"[The Oakville Harbour is] more than a mile in length, protected by long breakwaters, affords security in all kinds of weather for the various crafts, small and large, which seek its shelter, and is a favorite resort for those who enjoy boating and fishing.
At one time, ship-building was carried on [in Oakville] quite extensively, ... and our shipbuilders are still known as superior in the production of racing and leisure yachts. The yacht 'Canada', winner of the international championship, was built here by Capt. James Andrew, who is also designer and builder of the yacht 'Aggie', which has been so phenomenally successful in her races."
- J.E. Commins
Building a harbour was one of the first things William Chisholm had to do before he could establish Oakville as a viable townsite. As in most cases where rivers enter larger lakes, a harbour had to be artificially formed by constructing two parallel piers out into the lake. Construction began on the east pier first, as the most destructive storms swept across the lake from the east. Oakville Harbour became open to shipping in 1830.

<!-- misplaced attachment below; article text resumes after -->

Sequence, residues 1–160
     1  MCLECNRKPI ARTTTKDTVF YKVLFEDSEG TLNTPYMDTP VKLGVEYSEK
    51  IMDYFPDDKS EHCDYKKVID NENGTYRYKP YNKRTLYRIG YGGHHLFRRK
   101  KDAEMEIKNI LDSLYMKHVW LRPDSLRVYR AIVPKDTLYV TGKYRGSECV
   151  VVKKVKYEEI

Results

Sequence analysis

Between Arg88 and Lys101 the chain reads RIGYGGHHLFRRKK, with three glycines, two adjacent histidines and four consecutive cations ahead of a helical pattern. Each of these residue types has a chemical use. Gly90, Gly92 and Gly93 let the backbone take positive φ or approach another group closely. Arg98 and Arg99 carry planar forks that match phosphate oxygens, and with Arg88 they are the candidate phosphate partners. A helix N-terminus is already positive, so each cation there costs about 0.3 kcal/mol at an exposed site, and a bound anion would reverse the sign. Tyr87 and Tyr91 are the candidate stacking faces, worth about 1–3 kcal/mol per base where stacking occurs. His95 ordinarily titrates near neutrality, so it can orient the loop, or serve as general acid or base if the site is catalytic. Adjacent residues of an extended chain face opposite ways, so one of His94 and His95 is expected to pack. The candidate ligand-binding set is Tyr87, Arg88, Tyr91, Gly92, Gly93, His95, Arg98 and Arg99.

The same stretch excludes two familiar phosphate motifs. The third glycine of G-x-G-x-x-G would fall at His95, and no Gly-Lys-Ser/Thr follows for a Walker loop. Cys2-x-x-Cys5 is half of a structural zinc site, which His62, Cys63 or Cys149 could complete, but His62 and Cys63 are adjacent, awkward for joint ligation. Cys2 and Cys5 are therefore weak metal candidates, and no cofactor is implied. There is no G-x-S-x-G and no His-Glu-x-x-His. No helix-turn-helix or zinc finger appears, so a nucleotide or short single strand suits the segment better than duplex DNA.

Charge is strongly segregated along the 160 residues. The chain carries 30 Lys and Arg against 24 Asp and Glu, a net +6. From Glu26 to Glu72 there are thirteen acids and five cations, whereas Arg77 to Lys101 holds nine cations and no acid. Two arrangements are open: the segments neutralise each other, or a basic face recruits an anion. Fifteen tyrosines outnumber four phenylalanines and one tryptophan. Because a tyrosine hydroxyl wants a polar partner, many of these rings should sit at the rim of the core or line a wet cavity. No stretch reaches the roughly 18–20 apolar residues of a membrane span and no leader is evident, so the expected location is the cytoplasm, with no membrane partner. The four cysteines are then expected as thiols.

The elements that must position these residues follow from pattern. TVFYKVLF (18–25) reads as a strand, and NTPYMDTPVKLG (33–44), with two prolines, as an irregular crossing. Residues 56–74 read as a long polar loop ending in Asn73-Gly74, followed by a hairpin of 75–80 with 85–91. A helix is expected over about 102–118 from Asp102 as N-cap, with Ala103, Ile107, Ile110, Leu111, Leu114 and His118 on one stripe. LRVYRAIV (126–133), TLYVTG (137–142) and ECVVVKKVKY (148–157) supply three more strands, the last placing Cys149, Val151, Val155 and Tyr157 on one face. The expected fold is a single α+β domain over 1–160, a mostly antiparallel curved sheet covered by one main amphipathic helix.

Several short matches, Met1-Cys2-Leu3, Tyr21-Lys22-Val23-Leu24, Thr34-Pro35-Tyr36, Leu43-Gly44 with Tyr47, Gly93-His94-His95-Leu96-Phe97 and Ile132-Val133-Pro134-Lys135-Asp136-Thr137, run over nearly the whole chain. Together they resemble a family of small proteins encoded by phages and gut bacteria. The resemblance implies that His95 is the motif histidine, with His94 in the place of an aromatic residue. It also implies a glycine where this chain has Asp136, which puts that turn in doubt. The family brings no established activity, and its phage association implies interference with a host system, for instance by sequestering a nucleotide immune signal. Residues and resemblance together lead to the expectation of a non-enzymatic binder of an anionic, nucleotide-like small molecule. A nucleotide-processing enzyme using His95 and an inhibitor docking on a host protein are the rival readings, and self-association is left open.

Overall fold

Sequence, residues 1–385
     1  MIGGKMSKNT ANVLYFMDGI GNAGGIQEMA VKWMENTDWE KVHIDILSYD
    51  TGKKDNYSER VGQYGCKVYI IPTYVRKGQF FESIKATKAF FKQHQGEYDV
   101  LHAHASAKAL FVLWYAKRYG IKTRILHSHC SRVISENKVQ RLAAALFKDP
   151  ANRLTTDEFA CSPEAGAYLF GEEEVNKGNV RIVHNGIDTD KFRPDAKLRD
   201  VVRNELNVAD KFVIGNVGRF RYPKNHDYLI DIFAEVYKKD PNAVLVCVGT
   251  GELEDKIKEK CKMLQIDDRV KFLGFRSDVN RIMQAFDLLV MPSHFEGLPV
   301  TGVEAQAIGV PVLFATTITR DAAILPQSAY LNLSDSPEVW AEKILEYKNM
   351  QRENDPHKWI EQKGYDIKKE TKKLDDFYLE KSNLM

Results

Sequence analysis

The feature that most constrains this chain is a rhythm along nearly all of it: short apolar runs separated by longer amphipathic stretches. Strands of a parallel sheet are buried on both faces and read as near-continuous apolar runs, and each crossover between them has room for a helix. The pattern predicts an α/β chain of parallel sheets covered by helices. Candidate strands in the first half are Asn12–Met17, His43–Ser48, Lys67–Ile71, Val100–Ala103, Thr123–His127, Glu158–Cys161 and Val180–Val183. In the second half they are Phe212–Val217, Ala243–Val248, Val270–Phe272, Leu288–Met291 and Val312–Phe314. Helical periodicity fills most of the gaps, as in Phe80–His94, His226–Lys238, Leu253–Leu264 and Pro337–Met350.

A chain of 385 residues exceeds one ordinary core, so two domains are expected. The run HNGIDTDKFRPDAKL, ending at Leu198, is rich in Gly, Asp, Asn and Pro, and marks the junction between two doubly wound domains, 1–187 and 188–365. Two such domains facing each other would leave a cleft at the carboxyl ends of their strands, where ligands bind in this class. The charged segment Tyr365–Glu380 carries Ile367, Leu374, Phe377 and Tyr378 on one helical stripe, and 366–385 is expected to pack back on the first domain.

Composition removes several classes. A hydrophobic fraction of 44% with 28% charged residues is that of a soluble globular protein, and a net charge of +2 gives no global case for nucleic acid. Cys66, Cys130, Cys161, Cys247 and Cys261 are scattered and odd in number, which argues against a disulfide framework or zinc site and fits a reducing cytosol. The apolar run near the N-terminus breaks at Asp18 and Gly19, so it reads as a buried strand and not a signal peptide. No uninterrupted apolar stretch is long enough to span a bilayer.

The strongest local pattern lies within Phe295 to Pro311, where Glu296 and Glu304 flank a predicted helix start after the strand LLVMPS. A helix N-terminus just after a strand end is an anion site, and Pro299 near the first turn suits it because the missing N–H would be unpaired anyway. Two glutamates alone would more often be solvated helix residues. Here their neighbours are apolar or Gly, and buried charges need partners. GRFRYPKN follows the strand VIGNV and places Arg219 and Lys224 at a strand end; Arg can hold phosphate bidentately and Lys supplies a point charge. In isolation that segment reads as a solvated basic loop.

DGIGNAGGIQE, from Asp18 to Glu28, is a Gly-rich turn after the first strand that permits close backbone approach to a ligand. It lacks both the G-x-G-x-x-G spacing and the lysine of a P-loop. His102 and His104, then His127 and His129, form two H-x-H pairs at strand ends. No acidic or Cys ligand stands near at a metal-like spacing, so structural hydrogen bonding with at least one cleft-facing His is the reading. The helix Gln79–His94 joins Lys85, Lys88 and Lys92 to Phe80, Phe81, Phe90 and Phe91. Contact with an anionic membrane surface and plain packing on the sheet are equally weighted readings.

Oakville has always been famous around the Great Lakes for the construction of quality ships and schooners. By the 1900s these vessels were slowly starting to disappear due to the increase in popularity of the railways.
Below is a gallery of images depicting various stages of development of the Oakville Harbour over the years, as well as some more current photos of how the harbour appears today.
Oakville Harbour marina under construction, courtesy of the Town of Oakville Details Oakville Harbour marina, courtesy of the Town of Oakville Details
Local yachts and sailboats moored in the river after the opening of the Oakville Club in 1908. The Oakville Club sits on the site which was once William Chishom's granary from 1828-42.
A more modern view of the Oakville Club, still recognizable from the faded image to the left. The Oakville Club provides members with the luxuries of an active lifestyle, and the added touch of a tranquil setting along the shore of the Oakville Harbour.
|The information on this page is credited to: Ahern, Frances Robin. Oakville: A small town (1900-1930). Erin, On: Oakville Historical Society in association with Boston Mills Press, 1981. Print. and to: Brimacombe, Philip. The Story of Oakville Harbor. Oakville, On: The Boston Mills Press, 1975. Print. and to: Commins, J.E. Beautiful Oakville. Oakville, On: A.S. Forster, Printer, 1897. Print.|